Hughie McCabe was the manager and he was driving this on and Fermanagh played above themselves and we were just off a bit. We survived it – just about.

Martin McHugh: Cavan are sometimes better, even to this day, playing a team they’re level with or the other team are better. Cavan kind of struggle sometimes playing a team supposed to be not as good as them.

Liam McBarron had a chance to put them two up and the game was over.

No doubt. Paul O’Dowd picked up the ball quickly at the post and had it out to Bernard Morris and it was up to Anthony Forde before Fermanagh knew and Anthony scored that point.

That was the one that kept us in the championship and no better man than Forde, he was living down beside Fermanagh.

Luck has a lot to do with it but quick thinking is very important.

Paul was an unbelievable player, he was a brilliant goalkeeper, way ahead of his time. His quick thinking made the difference. It would have been over only for the way it happened.

Damien O’Reilly: Defensively I thought we didn’t do too bad, it was a low-scoring game. We just didn’t get going, it wasn’t that we under-estimated them. It was just a poor performance and we were very lucky. They should have beaten us to be fair.

Stephen King: McBarron missed that chance, Fordey got the equaliser and the rest is history. They had us out. We played poorly. Everything went pear-shaped for us and I don’t know why, breaking ball, nothing went our way.

It wasn’t nerves. Maybe expectations, rivalry. Fermanagh were a good team, maybe they were an awful lot better than we gave them respect for. They definitely should have had us that day.

Jason O’Reilly: Anthony got the score to level it but they missed a sitter in front of the goals. I thought it was gone from us to be honest but we clawed our way back and got the draw.

Ciaran Brady: I think Fermanagh were after being well beat the year before that and we were maybe a little bit over-confident. We got away with a draw, Anthony Forde got a point in the last minute. We were a point down and I remember thinking that was it but POD [Paul O’Dowd] took a quick kick-out when his back was turned, it was worked up the field and in a matter of a few seconds the ball was over the bar at the other end.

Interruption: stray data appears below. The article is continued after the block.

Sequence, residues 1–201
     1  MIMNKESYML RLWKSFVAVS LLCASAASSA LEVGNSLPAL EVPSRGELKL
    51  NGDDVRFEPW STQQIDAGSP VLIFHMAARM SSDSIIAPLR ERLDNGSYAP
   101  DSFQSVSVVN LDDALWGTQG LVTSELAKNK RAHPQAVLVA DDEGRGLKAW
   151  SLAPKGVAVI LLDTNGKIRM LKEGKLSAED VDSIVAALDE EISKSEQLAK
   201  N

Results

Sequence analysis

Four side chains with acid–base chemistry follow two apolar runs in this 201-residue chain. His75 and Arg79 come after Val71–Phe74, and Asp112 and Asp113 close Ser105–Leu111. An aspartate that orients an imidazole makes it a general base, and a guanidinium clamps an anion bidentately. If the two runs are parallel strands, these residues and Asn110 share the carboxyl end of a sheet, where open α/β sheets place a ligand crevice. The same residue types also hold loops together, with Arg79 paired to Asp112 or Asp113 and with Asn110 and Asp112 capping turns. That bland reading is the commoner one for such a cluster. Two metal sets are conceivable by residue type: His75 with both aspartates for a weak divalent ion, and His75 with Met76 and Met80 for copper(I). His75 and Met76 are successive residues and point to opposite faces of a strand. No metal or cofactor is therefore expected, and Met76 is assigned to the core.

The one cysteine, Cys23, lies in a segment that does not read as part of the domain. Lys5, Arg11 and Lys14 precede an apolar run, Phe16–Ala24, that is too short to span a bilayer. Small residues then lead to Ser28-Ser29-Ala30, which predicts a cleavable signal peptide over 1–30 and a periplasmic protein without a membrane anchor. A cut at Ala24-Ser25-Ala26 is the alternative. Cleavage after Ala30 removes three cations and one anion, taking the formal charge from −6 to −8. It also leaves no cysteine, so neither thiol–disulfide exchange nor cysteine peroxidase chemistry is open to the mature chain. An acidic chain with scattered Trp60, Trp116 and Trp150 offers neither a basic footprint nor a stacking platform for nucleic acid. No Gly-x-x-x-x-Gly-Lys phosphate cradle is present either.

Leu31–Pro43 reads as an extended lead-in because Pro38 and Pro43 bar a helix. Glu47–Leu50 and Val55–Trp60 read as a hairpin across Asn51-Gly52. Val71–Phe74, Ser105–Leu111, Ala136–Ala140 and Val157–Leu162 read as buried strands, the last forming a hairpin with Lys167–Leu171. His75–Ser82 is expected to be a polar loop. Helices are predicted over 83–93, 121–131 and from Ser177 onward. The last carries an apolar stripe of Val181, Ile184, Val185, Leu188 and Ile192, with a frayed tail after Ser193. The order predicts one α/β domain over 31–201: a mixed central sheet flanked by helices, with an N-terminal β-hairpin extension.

I’d say if the referee had turned round a few seconds earlier, he would have blown the final whistle.

We got a bit of luck, we got out of jail but we learned from it and I think we beat Fermanagh pretty convincingly the second day. We could have been out of the championship, there was no back door in those days.

Raymond Cunningham: I had a sense that everyone was putting the shoulder to the wheel. There was a big commitment training-wise, lads had a common goal to do as well as we could and we were confident. But in the first round we were poor against Fermanagh and should have been beaten. I would be firm about that, we were very poor and got out of jail really.

Maybe we under-estimated Fermanagh in one sense, not but we were told beforehand that it was going to be a tough game but sometimes you can believe the hype that’s built up because we were probably favourites going into that game and maybe we took the eye off the ball thinking it was only a matter of turning up.

In the replay, Cavan were much improved and won by 0-14 to 0-11.

Martin McHugh: We were more relaxed in the replay and won it well. I think we were better getting the draw out of it and winning the replay, it was better preparation than winning the first day.

Martin McHugh. Photo by John Quirke

Anthony Forde: I started the replay then against Fermanagh and Mickey was outstanding that day and we got over the line.

We were pretty much in control. There was definitely a sense that we had got out of a jail. Liam McBarron hit the post in the drawn game with a chance to put us away, missed it from close range, so we certainly felt we had got out of jail. There were a few changes and it freshened things up. People tend to forget it was a damn good Fermanagh team – Rory and Raymie in their prime, Collie Curran, Shane King, really good footballers.

Stephen King: The shackles were off for the replay.

Damien O’Reilly: We were a lot better in the replay. 99pc of the time, the favourites win the replay and we did. We were much better in the replay and won it comfortably.

Raymond Cunningham: That fright we got helped us turn it around, the next game we were a little bit better and we improved a lot going into the semi-final. It was momentum. What I remember most about that Ulster Championship was one game led to another and every game, we improved.

Bernard Morris: We did very little that week only chat about things and the following Sunday we were a whole new outfit. We were ready for action and we played 10 times better and if the game had gone on another 10 minutes we’d have banged over another seven or eight points.

I had to get stitches, I got a headbutt. When Hughie McCabe came into the dressing-room after the match, Paddy Rudden was sewing my eye up. And someone says ‘would you not send Morris to the dressing-room to get his eye sewn up’ and then of course, Cahill says ‘it’ll not do his looks any harm anyway!’

‘At this stage,’ he says,’ he’s gone beyond being a model.’

And I couldn’t even laugh, Rudden was telling me not to move!

McHugh would bring the team together for meetings in order to have frank discussions and figure out where improvements could be made.